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Denton Corker Marshall designs new bridge for Hobart

Denton Corker Marshall has been appointed to design a new pedestrian and cycle bridge in Hobart.

The 4-metre-wide, 200-metre-long universally accessible bridge will traverse across the Tasman Highway and connect two of Hobart’s most significant public spaces – the Queens Domain and the Cenotaph precinct on the shores of the River Derwent. The bridge will also improve connections to Macquarie Point to the south, where the Museum of Old and New Art has a proposed a masterplan to transform the 9.3-hectare former industrial site on Hobart’s waterfront into a dynamic, mixed-use precinct designed by Fender Katsalidis and Rush Wright Associates.

The Tasman Highway Memorial Bridge is part of a 2013 masterplan for Queens Domain, which recommended six new pedestrian and cycle pathways to connect the city to the river foreshore.

Aerial view of the proposed Tasman Highway Memorial Bridge by Denton Corker Marshall

Aerial view of the proposed Tasman Highway Memorial Bridge by Denton Corker Marshall

Image: Courtesy Denton Corker Marshall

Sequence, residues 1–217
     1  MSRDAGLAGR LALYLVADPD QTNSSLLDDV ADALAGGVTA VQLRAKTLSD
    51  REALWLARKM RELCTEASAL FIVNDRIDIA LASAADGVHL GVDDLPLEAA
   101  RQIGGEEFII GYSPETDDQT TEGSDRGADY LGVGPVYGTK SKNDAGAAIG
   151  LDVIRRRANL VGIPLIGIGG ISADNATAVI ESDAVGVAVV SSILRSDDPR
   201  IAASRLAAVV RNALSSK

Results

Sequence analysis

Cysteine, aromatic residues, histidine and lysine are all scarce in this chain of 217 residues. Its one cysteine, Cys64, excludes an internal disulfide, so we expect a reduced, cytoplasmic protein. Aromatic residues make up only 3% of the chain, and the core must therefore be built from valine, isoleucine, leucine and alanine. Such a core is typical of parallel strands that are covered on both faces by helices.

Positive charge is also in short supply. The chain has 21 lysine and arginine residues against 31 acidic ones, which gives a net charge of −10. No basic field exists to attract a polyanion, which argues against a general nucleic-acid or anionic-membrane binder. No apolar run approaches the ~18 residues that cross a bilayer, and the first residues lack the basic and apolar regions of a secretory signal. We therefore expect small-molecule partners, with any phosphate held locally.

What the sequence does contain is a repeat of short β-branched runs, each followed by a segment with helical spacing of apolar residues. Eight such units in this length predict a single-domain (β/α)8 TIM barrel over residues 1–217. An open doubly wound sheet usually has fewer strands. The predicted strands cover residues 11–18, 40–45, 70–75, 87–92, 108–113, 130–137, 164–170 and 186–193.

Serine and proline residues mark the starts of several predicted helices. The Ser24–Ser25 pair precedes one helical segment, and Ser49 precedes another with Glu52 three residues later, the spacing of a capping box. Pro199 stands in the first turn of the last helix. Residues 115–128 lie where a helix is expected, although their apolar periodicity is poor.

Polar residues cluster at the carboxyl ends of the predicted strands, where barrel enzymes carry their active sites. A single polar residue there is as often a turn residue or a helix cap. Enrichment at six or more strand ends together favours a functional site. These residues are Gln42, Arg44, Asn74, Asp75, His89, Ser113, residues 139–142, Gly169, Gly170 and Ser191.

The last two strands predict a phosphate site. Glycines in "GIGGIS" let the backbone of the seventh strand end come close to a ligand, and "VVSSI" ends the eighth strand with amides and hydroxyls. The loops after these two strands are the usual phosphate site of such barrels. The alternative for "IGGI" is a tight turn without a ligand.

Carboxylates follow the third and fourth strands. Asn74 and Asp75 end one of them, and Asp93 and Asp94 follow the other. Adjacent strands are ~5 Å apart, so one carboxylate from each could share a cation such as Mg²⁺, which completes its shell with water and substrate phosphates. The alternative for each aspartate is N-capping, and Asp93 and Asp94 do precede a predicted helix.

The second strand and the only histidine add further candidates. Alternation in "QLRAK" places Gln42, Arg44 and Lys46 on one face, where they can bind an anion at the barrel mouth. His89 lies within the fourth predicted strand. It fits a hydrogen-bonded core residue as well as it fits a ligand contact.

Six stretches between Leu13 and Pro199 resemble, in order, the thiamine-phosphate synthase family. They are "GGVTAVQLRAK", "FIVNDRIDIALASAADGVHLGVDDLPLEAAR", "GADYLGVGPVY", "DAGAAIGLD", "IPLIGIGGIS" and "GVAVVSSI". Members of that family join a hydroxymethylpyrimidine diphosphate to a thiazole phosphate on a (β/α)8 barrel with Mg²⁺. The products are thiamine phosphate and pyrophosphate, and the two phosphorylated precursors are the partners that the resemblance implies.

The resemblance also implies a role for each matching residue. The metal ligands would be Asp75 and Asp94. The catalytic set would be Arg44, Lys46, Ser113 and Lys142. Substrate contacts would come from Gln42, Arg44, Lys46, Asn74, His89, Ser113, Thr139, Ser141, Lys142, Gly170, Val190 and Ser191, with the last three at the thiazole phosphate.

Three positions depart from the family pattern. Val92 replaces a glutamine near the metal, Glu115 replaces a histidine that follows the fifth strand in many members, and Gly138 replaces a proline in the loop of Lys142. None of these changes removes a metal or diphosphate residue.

Denton Corker Marshall was selected to design the bridge after a public expressions of interest and tender process. The practices is partnering with local practice BPSM Architects, Arup and Inspiring Place.

The design of the bridge is characterized by two “twisting planes growing from the ground and leaping over the road, before reaching for the sky,” Denton Corker Marshall’s design statement reads.

The plane will “emerge from the earth as an angular shard of steel, forming the vertical retaining wall at the base of the ramp.”

“The two planes echo each other, twisting in parallel and flanking the bridge deck.”

The bridge will be aligned with the axis of Anzac Parade, with the Cenotaph at the end of the path. The alignment also allows certain historical monuments and significant trees on the site to be retained.

In 2015, the Australian government announced it would provide $8 million from the the ANZAC Centenary Public Fund for the bridge. Construction of the bridge is expected to be completed in 2018, the 100th anniversary of the end of World War I.

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